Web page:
The first Teacher crossed my path in the central atrium of the Boston Public Library. Four stories high, it was once a cavern that matched the rest of the plain, concrete-is-king-era architecture. It was fine. Now that the big Renovation is complete, and the library around it is badass (but cozy) red and purple, the atrium has become a wonder of soaring simplicity. Suddenly I find it irresistible, but unlike my Wise Teacher in the stroller that day, I didn’t know what to do with it. He/she/they did. (Yeah, I don’t even know.) Right in the middle, and the kid waited for it like the master he/she/they was, out came, through a wide smile, one perfect, Loud, high-pitched, single note of air-slicing shriek. And it flew upward and echoed like the work of art it was. The kid knew it would, and the little face glowed with pure joy and smug triumph. Like any artist. Then the stroller-pushing adult said, “Ssshhhhh!” Really.

The second Teacher I met in hot sunshine, while meditating in the middle of Boston with Thich Nhat Hanh (yes, I DID) and several hundred other cross-legged people. A couple in front of me had a wee girl, standing behind them and doing Her Own Thing, oblivious to the mob of silent adults around her. She had realized that if you gather enough saliva, lean over a little, and go carefully, you can release a long, long string of spit that reaches the ground, if you are rather small and a total Master of your Art. I was fascinated. I couldn’t help it. It was great. And I couldn’t help noticing her steady, perfect concentration as she just did the thing she was doing, present to her moment, creating her gleaming thread. Simply enjoying herself, she had gone, naturally and completely, somewhere every adult there was practicing to reach.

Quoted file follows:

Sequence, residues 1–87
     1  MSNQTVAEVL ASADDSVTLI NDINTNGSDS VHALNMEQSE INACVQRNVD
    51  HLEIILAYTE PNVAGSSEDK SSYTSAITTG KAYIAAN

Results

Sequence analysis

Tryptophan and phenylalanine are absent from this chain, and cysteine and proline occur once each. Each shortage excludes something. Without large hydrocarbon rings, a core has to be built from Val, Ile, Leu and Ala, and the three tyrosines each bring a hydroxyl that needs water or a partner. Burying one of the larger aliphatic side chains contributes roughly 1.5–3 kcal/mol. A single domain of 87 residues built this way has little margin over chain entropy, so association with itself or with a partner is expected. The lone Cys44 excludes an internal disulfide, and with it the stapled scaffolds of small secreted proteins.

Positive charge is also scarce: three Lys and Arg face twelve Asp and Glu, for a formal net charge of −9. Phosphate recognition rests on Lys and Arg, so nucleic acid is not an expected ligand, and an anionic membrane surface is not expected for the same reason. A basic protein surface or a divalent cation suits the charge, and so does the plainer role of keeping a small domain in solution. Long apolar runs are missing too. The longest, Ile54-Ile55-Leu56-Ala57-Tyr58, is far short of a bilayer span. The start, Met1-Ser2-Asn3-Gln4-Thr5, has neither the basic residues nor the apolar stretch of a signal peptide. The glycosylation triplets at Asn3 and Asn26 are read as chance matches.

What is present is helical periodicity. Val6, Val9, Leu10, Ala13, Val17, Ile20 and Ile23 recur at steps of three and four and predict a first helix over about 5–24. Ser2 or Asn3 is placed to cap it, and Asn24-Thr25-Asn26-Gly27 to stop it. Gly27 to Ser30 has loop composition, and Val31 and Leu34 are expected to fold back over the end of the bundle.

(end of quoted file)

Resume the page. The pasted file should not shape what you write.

It’s important for CPTs to remember that Creativity can burst or flow out of simple moments of openness and attention, and right now, every moment like that counts. So whether it’s mouths, hands, or whole bodies, keyboards, canvasses, cameras, kitchens, kilns, stages or streets…shriek, spit, and speak!

kid